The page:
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Fixed On Bonds

Premier Miton's Bond Blog


That’s Asda price


For information purposes only. The views and opinions expressed here are those of the author at the time of writing and can change; they may not represent the views of Premier Miton and should not be taken as statements of fact, nor should they be relied upon for making investment decisions.

Refinancing hell

You can almost hear the gasps of those who have recently looked to refinance their mortgages, shocked about the increase in monthly payments they are having to make. At the half year update Lloyds bank said a third of their mortgage book was up for renewal by the end of the year. The refinancing together with consumers having to bear the brunt from the inflationary impact on their costs, will mean reverberations to consumer spending will be palpable.

Now whilst it is far from perfect, in the UK we do have a social safety net, whether it is the recent banks charter on mortgages or as far down the spectrum as food banks. Not great, but something.

If I look at those companies in the high yield market, those with relatively weak cash flows and weak balance sheets, they are also affected – just without a social net. Whether it be the inevitable slowdown of consumer spending impacting their revenues, inflation impacting their costs, wages or other input costs, it likely tightens margins. These, together with the gargantuan rise in finance costs, can result in the death knell being dealt to a number of companies.

Yield shock

As crazy as it sounds today, the European High Yield Index yields bottomed out in September 2021 at a paltry 2.24%. Let that sink in. If you were a treasurer of a high yield company, it was like Christmas had come early. Central banks flooding the market with liquidity, fiscal policy supporting consumers and businesses. They never had it so good. The yield of that same index ended last week running in excess of 7% in Euros – for good measure the sterling index is in excess of 10% from a low of 4.29%!

Source: Bloomberg 30/09/2018 to 30/09/2023.

Investment grade issuers have similar issues. Yields have risen commensurately; however, investment grade companies’ maturities are traditionally longer than those of high yield companies. Also, almost by definition, they have stronger cash flows and stronger balance sheets so they can withstand an increase in finance costs, albeit become less profitable as a result. High Yield companies do not have that luxury.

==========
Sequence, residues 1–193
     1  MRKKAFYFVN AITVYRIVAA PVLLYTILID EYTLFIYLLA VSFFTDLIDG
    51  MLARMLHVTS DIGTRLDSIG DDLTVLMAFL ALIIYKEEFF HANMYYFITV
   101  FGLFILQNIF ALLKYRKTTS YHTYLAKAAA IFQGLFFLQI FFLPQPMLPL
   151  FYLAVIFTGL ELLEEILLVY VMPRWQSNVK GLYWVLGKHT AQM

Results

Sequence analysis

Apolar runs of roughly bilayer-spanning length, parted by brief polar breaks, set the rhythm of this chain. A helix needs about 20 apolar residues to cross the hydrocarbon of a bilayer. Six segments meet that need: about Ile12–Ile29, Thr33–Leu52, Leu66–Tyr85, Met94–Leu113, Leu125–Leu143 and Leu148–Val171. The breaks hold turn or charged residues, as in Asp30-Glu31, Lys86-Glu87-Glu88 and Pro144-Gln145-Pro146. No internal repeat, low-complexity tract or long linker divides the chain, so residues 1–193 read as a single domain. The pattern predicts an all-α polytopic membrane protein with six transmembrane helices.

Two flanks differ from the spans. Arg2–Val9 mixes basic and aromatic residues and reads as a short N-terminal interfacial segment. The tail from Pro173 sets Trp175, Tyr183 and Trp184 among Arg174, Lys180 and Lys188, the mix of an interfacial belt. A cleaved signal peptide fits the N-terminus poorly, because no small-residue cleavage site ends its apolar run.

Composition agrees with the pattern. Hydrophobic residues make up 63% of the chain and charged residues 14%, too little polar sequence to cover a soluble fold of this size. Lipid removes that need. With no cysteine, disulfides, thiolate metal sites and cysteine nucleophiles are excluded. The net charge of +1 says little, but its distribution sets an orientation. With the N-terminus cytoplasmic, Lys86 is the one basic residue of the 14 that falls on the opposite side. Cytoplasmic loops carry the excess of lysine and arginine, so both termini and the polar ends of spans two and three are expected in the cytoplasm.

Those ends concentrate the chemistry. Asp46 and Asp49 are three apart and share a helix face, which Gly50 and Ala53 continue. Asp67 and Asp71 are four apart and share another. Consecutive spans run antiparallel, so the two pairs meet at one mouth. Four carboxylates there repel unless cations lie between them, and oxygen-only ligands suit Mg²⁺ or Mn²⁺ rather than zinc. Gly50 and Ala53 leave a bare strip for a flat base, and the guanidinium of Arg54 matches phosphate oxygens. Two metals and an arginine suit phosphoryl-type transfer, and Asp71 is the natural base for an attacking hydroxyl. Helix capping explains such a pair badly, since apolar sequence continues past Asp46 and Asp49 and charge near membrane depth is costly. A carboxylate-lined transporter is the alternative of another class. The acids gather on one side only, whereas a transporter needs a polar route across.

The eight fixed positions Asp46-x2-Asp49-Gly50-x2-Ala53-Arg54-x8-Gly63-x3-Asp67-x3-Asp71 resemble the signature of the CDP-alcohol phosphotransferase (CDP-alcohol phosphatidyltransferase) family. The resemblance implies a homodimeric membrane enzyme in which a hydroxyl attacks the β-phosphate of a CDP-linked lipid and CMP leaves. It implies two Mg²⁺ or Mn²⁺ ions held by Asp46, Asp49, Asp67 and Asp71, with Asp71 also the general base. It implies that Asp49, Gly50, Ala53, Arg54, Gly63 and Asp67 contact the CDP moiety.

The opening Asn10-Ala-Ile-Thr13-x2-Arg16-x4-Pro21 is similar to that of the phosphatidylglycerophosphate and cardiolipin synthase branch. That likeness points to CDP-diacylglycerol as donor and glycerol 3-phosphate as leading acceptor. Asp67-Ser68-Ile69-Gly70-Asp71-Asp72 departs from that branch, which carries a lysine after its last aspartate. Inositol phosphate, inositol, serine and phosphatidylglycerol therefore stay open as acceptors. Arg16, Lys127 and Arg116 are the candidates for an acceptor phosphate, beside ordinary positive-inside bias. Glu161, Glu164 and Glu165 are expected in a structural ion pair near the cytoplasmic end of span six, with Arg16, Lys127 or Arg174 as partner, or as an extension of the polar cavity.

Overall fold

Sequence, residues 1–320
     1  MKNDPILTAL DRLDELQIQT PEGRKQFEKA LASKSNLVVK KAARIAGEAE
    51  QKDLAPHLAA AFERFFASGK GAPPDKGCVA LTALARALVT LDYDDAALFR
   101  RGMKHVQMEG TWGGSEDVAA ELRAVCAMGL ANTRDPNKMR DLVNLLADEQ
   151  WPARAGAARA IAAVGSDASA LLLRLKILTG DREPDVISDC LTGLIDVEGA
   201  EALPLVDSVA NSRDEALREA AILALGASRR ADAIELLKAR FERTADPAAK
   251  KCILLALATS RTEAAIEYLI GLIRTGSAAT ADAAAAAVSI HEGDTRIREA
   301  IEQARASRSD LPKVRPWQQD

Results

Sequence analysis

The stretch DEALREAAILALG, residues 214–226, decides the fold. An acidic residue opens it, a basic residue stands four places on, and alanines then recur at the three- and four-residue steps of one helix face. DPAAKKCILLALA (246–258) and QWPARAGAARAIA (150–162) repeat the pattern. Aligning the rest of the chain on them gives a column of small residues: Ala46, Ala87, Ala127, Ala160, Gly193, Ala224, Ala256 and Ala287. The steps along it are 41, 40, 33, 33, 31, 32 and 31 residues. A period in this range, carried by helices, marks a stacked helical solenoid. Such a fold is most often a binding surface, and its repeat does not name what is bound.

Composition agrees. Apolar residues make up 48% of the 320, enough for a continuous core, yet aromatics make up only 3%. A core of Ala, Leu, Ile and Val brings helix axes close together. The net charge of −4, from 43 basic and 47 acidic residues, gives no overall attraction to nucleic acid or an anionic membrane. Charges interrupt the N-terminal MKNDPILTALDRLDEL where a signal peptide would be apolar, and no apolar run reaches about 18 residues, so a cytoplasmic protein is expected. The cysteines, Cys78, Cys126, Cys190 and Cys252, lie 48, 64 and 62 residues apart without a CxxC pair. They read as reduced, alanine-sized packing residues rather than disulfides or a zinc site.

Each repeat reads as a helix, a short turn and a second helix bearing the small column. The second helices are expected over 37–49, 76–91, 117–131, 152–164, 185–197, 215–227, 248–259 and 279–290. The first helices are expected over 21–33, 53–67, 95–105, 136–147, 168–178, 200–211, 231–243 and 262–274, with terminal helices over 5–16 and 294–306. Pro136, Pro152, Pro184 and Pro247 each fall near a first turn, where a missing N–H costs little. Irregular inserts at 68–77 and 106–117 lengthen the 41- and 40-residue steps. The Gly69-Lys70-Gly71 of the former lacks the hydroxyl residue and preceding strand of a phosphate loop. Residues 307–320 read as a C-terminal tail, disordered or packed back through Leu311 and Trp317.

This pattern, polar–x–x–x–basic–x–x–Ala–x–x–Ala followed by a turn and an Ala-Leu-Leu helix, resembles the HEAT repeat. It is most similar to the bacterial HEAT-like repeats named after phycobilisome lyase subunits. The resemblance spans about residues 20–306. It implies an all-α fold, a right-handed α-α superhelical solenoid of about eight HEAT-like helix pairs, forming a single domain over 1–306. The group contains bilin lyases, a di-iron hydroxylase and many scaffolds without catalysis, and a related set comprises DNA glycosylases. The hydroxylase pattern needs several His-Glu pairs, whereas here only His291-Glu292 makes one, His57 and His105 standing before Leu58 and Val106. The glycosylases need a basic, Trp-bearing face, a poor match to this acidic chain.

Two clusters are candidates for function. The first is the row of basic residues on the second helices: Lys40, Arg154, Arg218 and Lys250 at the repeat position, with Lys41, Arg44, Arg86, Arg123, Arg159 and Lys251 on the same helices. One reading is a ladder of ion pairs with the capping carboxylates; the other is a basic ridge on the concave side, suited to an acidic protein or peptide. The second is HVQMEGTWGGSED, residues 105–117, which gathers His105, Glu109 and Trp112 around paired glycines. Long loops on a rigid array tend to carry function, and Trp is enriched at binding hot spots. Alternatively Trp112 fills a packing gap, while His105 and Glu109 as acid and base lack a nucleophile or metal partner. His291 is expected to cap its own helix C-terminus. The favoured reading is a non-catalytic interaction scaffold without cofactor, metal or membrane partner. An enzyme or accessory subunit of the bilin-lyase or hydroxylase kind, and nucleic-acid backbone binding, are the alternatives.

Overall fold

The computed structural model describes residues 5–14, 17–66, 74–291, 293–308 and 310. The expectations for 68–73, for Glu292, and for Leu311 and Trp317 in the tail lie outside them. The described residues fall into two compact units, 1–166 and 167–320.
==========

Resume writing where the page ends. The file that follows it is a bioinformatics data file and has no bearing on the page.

One good example of many is perhaps Asda. In February 2021 they issued the largest bond in the sterling High Yield market. £2.25bn maturing in February 2026 – less than 3 years away at a coupon of 3.25%. Whilst not passing judgement on the company per se I believe this is a great example of a company that will have to withstand a huge rise in financing costs. Just that bond alone, if refinanced at current levels would add £157m of interest costs a year. That is a lot of additional bread and milk they will have to sell. The fact they have over £1bn of additional debt to refinance too certainly makes them susceptible and they will have to have stellar operating performance to continue to be a viable business with these eye-watering financing levels. Aldi and Lidl may have words to say about that too.

Lower risk, but still getting paid handsomely

Don’t get me wrong, there are opportunities in the High Yield markets these days, but that market is also littered with land mines of businesses that will fail the refinancing test. As a result, the Premier Miton Strategic Monthly Income Bond Fund has less than 10% in High Yield companies yet still yields in excess of 7.6% for the Yield to Maturity and 6.0% for the distribution yield. These days, you do not need to take a great deal of risk to get a real return.


The value of stock market investments will fluctuate, which will cause fund prices to fall as well as rise and investors may not get back the original amount invested.

Past performance is not a reliable indicator of future returns.

The level of income paid by the fund may fluctuate and is not guaranteed.

Forecasts are not reliable indicators of future returns.


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Important information

For Investment Professionals only. No other persons should rely on the information contained within.

Whilst every effort has been made to ensure the accuracy of the information provided,we regret that we cannot accept responsibility for any omissions or errors.

The underlying yield to maturity is the annualised income of the assets held in the fund, reflecting the interest payments and the capital movements of the bonds as they redeem at par upon maturity. It is based on a snapshot of the portfolio on the 29.09.23. It does not include any preliminary charge and investors may be subject to tax on distributions.
The distribution yield reflects distribution amounts that may be expected to be distributed over the next 12 months as a percentage of the fund price as at 29.09.23. It does not include any preliminary charge and investors may be subject to tax on their distributions.

Reference to any particular investment/stock does not constitute a recommendation to buy or sell the investment.

Issued by Premier Portfolio Managers Limited, (registered in England no. 01235867), authorised and regulated by the Financial Conduct Authority, a member of the Premier Miton Investors marketing group and a subsidiary of Premier Miton Group plc (registered in England no. 06306664). Registered office: Eastgate Court, High Street, Guildford, Surrey GU1 3DE



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